buyer’s guide

Do(n’t) Buy: Pirelli Tires

I’m a dork when it comes to cars–or perhaps, more accurately, I like pretending I’m a dork when it comes to cars. Raised by a father whose prized possession was his leased BMW with custom plates, I grew up in a household that believed cars to be a form of social status. If you owned a nice car, it meant you lived well, if you took care of it, it meant you valued your possessions, and if you knew how to drive you were close to being James Bond. My siblings used to play the game “guess the car make and model” on road trips. When I was 11 my dream car was (and still is) a 1967 Shelby GT500 Mustang (also known as “Eleanor” in that ridiculous, Nicolas Cage film Gone in Sixty Seconds).

Unfortunately I didn’t learn much about the inner workings of cars. I know how to take care of one for the first 100,000 miles, but after that, I don’t have a clue how to maintain it. That beautiful vintage Mustang would be wasted on me.

The after effects of my childhood are still present though–since I know a decent amount about cars, I give off the vibe that I know more than I do. So, with that confession on the table, let’s chat about tires. I am by no means an expert, but I drive aggressively enough that I have used these tires to a high potential.

When I first realized I had to change my tires on my car I was 19. I was poor and lazy, so I bought the step-above-cheapest pair on TireRack.com. I’m fairly certain they were Yokohama tires, and while I didn’t much care about road noise, they weren’t exactly great in winter. My tiny 2007 Toyota Yaris Hatchback became a roller skate on the icy roads. I had little traction, and was terrified to drive when the weather was bad.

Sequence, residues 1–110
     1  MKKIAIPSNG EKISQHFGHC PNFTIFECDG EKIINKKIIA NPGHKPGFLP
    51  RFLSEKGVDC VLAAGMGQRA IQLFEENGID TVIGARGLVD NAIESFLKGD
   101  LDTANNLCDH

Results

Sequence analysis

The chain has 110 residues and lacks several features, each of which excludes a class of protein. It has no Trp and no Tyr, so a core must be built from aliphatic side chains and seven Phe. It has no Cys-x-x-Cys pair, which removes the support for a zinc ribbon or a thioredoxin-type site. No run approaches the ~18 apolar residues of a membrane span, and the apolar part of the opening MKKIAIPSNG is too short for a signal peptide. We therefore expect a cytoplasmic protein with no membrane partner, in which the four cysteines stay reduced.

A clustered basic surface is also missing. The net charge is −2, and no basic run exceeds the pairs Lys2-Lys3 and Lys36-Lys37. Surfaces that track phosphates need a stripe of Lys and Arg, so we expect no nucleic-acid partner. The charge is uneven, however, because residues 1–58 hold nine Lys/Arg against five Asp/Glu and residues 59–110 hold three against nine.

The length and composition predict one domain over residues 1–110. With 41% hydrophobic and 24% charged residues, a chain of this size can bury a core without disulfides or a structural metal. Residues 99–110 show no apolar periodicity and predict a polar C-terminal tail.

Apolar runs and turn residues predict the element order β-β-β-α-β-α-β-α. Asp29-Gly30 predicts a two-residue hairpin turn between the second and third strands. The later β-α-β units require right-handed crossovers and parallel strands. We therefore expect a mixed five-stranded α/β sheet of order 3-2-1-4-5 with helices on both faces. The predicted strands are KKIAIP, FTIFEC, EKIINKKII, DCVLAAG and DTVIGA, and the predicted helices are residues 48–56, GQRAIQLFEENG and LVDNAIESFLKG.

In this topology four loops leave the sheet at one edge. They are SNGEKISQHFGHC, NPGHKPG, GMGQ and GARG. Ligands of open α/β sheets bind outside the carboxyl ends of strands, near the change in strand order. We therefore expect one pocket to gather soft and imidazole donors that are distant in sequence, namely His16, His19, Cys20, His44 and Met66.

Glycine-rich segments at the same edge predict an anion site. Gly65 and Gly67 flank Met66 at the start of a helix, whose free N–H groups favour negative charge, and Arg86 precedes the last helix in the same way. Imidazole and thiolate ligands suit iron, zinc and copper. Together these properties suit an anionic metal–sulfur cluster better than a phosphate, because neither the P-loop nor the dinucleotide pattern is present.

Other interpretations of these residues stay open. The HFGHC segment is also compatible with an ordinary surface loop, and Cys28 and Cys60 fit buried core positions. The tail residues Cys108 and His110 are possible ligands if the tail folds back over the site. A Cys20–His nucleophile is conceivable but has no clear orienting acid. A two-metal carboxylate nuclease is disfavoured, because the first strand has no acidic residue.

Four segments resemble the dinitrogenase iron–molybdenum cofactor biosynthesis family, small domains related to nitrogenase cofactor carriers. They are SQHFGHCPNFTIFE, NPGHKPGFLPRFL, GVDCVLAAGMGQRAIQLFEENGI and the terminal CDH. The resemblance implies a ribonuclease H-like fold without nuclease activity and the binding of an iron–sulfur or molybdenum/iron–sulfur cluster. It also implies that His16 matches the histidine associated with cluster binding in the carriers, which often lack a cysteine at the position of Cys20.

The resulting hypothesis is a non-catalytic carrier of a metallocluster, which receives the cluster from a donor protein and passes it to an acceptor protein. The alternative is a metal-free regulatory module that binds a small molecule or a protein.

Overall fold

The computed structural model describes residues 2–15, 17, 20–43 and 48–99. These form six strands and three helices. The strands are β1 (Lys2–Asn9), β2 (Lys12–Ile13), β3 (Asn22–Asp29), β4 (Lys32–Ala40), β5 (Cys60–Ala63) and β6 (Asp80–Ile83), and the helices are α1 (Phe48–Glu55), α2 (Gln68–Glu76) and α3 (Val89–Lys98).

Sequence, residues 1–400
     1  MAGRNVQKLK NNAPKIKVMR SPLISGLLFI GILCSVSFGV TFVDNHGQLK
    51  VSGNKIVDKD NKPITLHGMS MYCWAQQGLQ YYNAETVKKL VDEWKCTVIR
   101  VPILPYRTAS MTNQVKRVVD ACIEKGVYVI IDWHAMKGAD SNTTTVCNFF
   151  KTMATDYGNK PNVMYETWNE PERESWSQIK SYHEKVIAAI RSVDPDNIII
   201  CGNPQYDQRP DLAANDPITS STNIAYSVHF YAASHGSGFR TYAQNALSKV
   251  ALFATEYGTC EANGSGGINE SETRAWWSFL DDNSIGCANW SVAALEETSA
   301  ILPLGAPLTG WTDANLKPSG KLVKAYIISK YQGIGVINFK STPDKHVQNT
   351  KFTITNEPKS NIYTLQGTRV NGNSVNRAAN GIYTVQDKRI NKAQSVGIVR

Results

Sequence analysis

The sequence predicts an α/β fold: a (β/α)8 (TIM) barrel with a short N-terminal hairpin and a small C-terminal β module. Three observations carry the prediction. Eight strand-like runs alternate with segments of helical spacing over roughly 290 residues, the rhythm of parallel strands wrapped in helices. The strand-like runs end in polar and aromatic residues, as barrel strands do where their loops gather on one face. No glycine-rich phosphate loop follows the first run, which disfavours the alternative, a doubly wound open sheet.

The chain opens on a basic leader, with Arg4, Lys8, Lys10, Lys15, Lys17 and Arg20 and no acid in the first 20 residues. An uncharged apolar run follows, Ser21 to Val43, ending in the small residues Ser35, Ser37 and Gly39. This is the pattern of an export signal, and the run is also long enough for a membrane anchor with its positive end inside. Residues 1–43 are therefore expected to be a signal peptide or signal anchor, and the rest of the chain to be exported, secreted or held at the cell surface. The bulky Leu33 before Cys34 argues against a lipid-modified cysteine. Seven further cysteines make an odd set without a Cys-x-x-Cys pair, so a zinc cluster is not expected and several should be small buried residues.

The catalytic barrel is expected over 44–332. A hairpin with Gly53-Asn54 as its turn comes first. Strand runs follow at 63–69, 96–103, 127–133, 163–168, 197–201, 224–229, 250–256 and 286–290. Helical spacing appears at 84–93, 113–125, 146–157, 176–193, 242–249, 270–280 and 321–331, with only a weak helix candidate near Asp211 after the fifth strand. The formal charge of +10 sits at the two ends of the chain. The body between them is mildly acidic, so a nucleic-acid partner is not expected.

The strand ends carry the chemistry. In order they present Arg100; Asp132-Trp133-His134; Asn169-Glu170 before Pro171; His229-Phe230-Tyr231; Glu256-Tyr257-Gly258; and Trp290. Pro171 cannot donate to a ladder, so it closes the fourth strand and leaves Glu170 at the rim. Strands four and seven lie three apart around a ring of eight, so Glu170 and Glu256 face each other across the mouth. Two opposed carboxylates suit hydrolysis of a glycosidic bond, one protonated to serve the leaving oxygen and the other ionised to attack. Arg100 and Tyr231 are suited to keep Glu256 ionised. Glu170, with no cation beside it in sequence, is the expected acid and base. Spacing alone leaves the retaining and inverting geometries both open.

Two summers ago I decided to change brands, opting instead for Pirelli tires. Again I bought them from TireRack.com. The great thing about buying tires online is that it cuts out the middle man. You pay a cheaper rate, ship them to a certified TireRack installer (I usually pick Goodyear stores), and pay a flat rate to have your tires put on. It’s usually MUCH cheaper than buying them from an auto service provider.

My Pirelli P4 Four Season tires are thebomb.com. Like the Yokohamas, they’re not great in terms of road noise, but for the performance, I’ll take the rumble on the highway. For one of the worst winters on record in Minneapolis (where our DoT had to take blow torches to the road to get rid of icy spots), these babies didn’t get me stuck once. I live in an apartment downtown with only street parking, and occasionally the plows would plow in my car. After a bit of digging (the Yaris isn’t exactly a four-wheel-drive winter road beast), the Pirellis pulled out, no questions asked. Like any other all-season tires, they took a combination of quality performance and good driving to be reliable. I’m not saying I didn’t slide on the roads in winter, or that I could slam on the brakes and they’d stop dead on an ice patch. But with the Yokohamas I got stuck in snow drifts quite often. I’ve been pleasantly surprised by the Pirellis. If I get another set for the Yaris, I’ll stick with them.

If you’ve noticed that you’re not getting traction you’d like in your vehicle, keep in mind that you should be changing your tires every 30,000 to 50,000 miles. Cars with smaller wheel wells, like the Yaris, should be changed on the lower end of that spectrum (since they’re rotating at a higher rate than larger wheels–they hit the surface of the road more often). In places like New York, where I grew up, we had state mandated annual inspections to check on things like tire wear. Other states, like Minnesota, don’t always have these inspections, so it may have never occurred to your to change your tires. While the service isn’t exactly cheap, $400 is a low cost to feel safer on the road.